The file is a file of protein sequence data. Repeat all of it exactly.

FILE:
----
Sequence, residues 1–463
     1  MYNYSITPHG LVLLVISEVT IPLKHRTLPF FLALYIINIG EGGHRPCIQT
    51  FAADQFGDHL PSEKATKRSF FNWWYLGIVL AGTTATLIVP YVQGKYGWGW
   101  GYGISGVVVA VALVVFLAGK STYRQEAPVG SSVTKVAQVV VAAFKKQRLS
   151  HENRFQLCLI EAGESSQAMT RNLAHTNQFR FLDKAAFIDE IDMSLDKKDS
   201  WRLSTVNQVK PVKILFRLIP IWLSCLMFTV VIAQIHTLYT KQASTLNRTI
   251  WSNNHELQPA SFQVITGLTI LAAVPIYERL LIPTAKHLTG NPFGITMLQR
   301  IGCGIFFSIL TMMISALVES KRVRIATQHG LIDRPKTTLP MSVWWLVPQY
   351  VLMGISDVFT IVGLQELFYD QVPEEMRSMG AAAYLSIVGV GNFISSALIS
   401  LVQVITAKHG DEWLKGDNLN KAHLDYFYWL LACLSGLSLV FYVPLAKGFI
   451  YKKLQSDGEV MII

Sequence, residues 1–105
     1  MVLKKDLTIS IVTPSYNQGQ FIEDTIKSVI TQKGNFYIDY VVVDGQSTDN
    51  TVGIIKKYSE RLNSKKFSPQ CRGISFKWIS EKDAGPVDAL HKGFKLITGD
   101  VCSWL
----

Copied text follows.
Sequence, residues 1–463
     1  MYNYSITPHG LVLLVISEVT IPLKHRTLPF FLALYIINIG EGGHRPCIQT
    51  FAADQFGDHL PSEKATKRSF FNWWYLGIVL AGTTATLIVP YVQGKYGWGW
   101  GYGISGVVVA VALVVFLAGK STYRQEAPVG SSVTKVAQVV VAAFKKQRLS
   151  HENRFQLCLI EAGESSQAMT RNLAHTNQFR FLDKAAFIDE IDMSLDKKDS
   201  WRLSTVNQVK PVKILFRLIP IWLSCLMFTV VIAQIHTLYT KQASTLNRTI
   251  WSNNHELQPA SFQVITGLTI LAAVPIYERL LIPTAKHLTG NPFGITMLQR
   301  IGCGIFFSIL TMMISALVES KRVRIATQHG LIDRPKTTLP MSVWWLVPQY
   351  VLMGISDVFT IVGLQELFYD QVPEEMRSMG AAAYLSIVGV GNFISSALIS
   401  LVQVITAKHG DEWLKGDNLN KAHLDYFYWL LACLSGLSLV FYVPLAKGFI
   451  YKKLQSDGEV MII

Sequence, residues 1–105
     1  MVLKKDLTIS IVTPSYNQGQ FIEDTIKSVI TQKGNFYIDY VVVDGQSTDN
    51  TVGIIKKYSE RLNSKKFSPQ CRGISFKWIS EKDAGPVDAL HKGFKLITGD
   101  VCSWL